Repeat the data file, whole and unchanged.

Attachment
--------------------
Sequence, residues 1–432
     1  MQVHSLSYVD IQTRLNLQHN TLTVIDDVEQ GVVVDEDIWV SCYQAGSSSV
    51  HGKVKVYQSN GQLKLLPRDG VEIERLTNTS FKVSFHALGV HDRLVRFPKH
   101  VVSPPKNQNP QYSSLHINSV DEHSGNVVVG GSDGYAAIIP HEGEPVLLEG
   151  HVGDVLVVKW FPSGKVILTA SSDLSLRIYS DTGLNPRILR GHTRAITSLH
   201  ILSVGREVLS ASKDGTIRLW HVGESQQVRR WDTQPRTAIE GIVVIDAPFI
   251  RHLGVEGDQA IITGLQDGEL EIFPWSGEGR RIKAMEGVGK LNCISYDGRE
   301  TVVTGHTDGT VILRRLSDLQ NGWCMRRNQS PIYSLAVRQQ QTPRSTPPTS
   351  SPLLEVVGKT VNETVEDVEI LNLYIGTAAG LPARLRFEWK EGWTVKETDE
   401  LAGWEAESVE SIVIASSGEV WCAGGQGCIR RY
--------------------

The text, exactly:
Sequence, residues 1–432
     1  MQVHSLSYVD IQTRLNLQHN TLTVIDDVEQ GVVVDEDIWV SCYQAGSSSV
    51  HGKVKVYQSN GQLKLLPRDG VEIERLTNTS FKVSFHALGV HDRLVRFPKH
   101  VVSPPKNQNP QYSSLHINSV DEHSGNVVVG GSDGYAAIIP HEGEPVLLEG
   151  HVGDVLVVKW FPSGKVILTA SSDLSLRIYS DTGLNPRILR GHTRAITSLH
   201  ILSVGREVLS ASKDGTIRLW HVGESQQVRR WDTQPRTAIE GIVVIDAPFI
   251  RHLGVEGDQA IITGLQDGEL EIFPWSGEGR RIKAMEGVGK LNCISYDGRE
   301  TVVTGHTDGT VILRRLSDLQ NGWCMRRNQS PIYSLAVRQQ QTPRSTPPTS
   351  SPLLEVVGKT VNETVEDVEI LNLYIGTAAG LPARLRFEWK EGWTVKETDE
   401  LAGWEAESVE SIVIASSGEV WCAGGQGCIR RY